George Bush had some good and worthy notions and instincts immediately upon experiencing the events of 9/11. As he stood atop a pile of rubble in New York, with his arm around a fireman and spoke by bull horn, he expressed the feelings and inclinations of most Americans. Unfortunately he went down hill rapidly from there. How far he had fallen from these good instincts was revealed in his ill fated “Mission Accomplished” speech on the aircraft carrier just barely over the horizon from San Diego. Since that day, he has been part of the problem, not part of the solution, and now we are to have a James Baker III solution imposed on us, it seems. This is what happens when you insist on playing a prevent defense, you often lose the game.
El Presidente failed utterly to bring the public along with him at each step as was necessary. Because of this failure, he now experiences an increasing hostile electorate, and almost the whole thing is of his own making. His ineptitude and missteps would seem to be about to give the Dems renewed life and influence over government policies. I am not at all sure that Bush is the person that can right the ship now. I am very afraid that all we can do is muddle along for 2 + years until we get a new Commander-in-Chief. I sincerely hope that our American electorate will see the error in their ways in the intervening years and reject the hard core Socialism that is the only solution that the Dems have any interest in promoting.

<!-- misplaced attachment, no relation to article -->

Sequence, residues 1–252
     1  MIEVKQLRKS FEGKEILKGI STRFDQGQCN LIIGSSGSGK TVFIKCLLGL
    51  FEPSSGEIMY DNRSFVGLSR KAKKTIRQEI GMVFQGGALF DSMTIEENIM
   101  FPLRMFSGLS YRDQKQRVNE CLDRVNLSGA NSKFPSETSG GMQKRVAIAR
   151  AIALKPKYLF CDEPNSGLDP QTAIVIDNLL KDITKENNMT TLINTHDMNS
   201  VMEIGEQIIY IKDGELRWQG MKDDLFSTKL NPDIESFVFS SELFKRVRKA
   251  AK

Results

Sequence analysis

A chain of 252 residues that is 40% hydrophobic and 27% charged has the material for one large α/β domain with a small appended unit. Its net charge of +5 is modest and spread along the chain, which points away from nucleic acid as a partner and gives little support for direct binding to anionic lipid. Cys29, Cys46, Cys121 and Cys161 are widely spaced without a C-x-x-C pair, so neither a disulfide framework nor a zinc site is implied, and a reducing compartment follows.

A man of faith in a godless age is hitting Americans where it hurts.
Mr. and Mrs. American Spectator Reader, let P.J. O’Rourke talk sense to your kids.
In Britain, defending your property can get you life.
The debacle of this president’s administration is both a cause and a symptom of the decline of American values. Unless Congress impeaches him, that decline will go on unchecked. An eminent jurist surveys the damage and assesses the chances for the recovery of our culture.
It won’t take long for conservatives to scratch this presidential wannabe off their 2008 scorecard.
The American Christmas, like the songs that celebrate it, makes room for everybody under the rainbow. Is that why so many people seem to be hostile to it?
Was the President done in by the economy, or by the politics of the economy?